On 22 Sep, 14:37, David Nyman <david.ny...@gmail.com> wrote:
> 2009/9/22 Flammarion <peterdjo...@yahoo.com>:
>
> >> But surely what is 'literally' the case depends critically on one's
> >> starting assumptions.  If one starts with a theoretical commitment to
> >> the primacy of the physical, then the status of mathematics is
> >> obviously rendered formal or metaphorical with respect to this.  OTOH
> >> if one starts from the theoretical primacy of number - irrespective of
> >> whether one labels such primacy 'arithmetical' or 'platonic' - the
> >> opposite is the case,
>
> > That is pretty much what I have been saying. But note that
> > there is a difference between assuming something because you
> > think it is incontrovertible (deduction) and assuming it because
> > its consequences match observation (abduction)
>
> One might indeed adduce this distinction in preferring one approach
> over the other, but it isn't forced.  Indeed, in the case of the MGA,
> if one accepts the deduction and retains one's commitment to CTM, then
> the abduction is only to be expected.

I don;t follow that. The MGA is an attempted reductio -- ie it does
not
need premises of its own but negates the premises of its
counterargumetns.
Not
that I accept it

> But if you agree with my
> formulation, I'm confused by what you go on to say below:
>
> >> and indeed Bruno argues precisely how and why,
> >> on the basis of the MGA, one cannot take the status of matter (as
> >> opposed to its appearances) 'literally' from the perspective of
> >> computational theory.
>
> > No he doesn't. His arguments have to assume Platonism as
> > well as CTM.
>
> Bruno argues that an experiential-computational type can't be
> plausibly associated with one of its valid physical tokens in at least
> one case.

He goes on to conclude that I am being generated by an immaterial
UD. That is not possible if there are no immaterial entities.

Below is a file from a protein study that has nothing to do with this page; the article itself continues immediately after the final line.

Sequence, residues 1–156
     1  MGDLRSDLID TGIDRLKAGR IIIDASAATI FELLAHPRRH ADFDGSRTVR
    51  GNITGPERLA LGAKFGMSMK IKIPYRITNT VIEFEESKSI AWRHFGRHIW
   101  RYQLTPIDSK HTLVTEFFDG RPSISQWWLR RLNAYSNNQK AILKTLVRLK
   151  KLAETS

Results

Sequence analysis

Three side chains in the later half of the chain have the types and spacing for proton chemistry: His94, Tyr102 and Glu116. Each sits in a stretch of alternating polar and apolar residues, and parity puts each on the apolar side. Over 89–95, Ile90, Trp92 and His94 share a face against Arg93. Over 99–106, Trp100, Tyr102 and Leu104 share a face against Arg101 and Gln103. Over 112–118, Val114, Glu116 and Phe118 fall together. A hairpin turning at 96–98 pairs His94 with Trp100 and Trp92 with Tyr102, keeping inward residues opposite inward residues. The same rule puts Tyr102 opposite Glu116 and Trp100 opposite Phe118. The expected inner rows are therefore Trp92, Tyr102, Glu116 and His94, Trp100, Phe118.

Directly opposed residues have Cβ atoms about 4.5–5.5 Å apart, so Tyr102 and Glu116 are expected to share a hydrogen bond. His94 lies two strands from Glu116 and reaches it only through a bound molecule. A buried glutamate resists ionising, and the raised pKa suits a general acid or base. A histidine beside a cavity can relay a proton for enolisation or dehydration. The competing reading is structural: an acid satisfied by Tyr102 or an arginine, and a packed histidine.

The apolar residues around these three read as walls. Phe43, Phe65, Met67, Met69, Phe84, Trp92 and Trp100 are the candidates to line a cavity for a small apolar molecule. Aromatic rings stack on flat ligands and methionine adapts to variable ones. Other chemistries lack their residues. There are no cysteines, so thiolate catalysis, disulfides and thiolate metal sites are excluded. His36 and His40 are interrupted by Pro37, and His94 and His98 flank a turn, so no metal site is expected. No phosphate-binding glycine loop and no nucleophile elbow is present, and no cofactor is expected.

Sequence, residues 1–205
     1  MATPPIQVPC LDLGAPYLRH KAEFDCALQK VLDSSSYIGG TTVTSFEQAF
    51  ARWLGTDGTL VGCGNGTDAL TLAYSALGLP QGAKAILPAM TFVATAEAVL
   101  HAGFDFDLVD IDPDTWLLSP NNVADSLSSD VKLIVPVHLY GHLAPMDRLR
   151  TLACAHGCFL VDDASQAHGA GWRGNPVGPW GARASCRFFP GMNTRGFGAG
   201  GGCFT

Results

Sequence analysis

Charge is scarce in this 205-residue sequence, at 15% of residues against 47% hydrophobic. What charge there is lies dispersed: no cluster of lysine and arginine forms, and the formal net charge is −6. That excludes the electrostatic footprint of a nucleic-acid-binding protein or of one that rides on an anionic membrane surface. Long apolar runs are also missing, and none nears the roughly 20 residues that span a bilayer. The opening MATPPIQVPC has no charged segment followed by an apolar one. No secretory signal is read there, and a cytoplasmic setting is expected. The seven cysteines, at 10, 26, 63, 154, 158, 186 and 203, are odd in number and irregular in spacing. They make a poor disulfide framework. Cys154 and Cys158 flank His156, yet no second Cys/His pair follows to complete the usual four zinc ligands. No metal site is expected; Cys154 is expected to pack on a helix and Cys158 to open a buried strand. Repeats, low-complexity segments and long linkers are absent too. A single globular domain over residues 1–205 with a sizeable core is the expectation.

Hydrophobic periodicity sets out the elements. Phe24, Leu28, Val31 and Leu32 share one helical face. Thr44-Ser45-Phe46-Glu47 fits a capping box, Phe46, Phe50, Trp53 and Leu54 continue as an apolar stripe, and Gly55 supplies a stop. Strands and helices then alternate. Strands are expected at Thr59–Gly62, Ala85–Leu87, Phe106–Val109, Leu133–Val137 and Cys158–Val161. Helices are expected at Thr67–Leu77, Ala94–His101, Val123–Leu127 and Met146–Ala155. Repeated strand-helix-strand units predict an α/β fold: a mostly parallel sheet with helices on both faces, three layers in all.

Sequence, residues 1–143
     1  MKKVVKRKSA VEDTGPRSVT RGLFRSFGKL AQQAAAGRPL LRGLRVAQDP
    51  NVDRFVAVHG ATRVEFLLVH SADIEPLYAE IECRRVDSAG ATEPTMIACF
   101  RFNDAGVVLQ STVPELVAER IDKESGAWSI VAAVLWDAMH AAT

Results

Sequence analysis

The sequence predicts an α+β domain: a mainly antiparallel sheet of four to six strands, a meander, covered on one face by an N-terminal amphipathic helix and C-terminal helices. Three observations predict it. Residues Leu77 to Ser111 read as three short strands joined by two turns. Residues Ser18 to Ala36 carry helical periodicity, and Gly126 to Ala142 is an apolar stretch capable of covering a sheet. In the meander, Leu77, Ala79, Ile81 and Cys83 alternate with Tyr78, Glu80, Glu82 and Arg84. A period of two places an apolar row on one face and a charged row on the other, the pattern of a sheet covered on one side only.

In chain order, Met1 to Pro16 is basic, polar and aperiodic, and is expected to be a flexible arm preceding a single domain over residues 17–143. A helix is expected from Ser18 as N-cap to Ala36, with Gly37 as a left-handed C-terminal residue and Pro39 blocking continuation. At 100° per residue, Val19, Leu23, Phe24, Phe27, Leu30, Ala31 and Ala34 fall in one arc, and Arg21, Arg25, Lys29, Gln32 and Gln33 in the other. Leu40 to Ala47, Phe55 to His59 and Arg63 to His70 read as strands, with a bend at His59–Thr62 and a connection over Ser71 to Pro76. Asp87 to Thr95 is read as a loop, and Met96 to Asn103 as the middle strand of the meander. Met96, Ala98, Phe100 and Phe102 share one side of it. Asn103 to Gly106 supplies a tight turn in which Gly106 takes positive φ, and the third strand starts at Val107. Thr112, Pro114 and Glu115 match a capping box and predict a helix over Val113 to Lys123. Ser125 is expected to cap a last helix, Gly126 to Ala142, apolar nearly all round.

>If you can show where he goes wrong, you may consider
> CTM+PM has been defended.  OTOH if one agrees with him, this obscures
> the association of consciousness with physics 'qua computatio'.  In
> this case, one could choose to abandon either CTM or PM.  If the
> latter, the move from MGA to UDA requires the reversal of the
> theoretical primacy of matter and (at least a branch of) mathematics.

There is no UDA without a Platonic UD.

> When you respond "That is pretty much what I have been saying" you are
> agreeing, aren't you, that what you mean by Platonism - whether or not
> you accept the MGA as motivating its entailment by CTM - is just a
> theoretical commitment to the primacy of the mathematical, as opposed
> to the material?

Yes.

>And this seems pretty much indistinguishable from
> Arithmetical Realism to me.

I think Bruno's use fo AR is ambiguous. Sometimes he uses
it to mean Platonism. sometimes he uses it to mean bivalence.

> >> In either case there may be what one considers defensible grounds for
> >> a commitment to a particular direction of inference, but ISTM that
> >> further insistence on the metaphysical 'primitiveness' of one's point
> >> of departure is entirely tangential to the distinctiveness of either
> >> explanatory scheme.
>
> > Who's been doing that?
>
> This seems an odd question at this stage.  I thought you were
> insisting that Bruno needs some metaphysically primitive sense of
> Platonism to justify the UDA

He needs to make it clear he is assuming it. He
may justify the assumption apriori or he may justify it abductively.


> >>  The opinions cited in the first posting assume
> >> the first of these theoretical commitments and hence choose to take
> >> the primacy of matter as their inferential fons et origo.  Comp takes
> >> the opposite position.  The rest is a research programme, isn't it?
>
> > Yes. For my money, metaphysics is a  subject-matter.
> > It is not an epistemological modus-operandi involving declarations of
> > irrefutable certainty.
>
> Well then, surely we can agree.  One finds grounds for preferring a
> theoretical point of departure, and then one gets down to work.  Comp
> is open to empirical refutation, so it's research.  Is your problem
> that MGA is a "declaration of irrefutable certainty"?

No. But is has assumptions of its own.

>If so, it
> shouldn't be.  Like any deductive argument, it is open to refutation
> if one can find an error.  Further, even if one can't, this doesn't
> force a commitment to Arithmetical Realism, it simply puts the
> coherency of CTM+PM into doubt.

Which could lead to PM-CTM as in Maudlin's argument.
Maudlin of course is *not* assuming Platonism.

>Either conclusion might motivate a
> preference for one research approach over another.
>
> David
>
>
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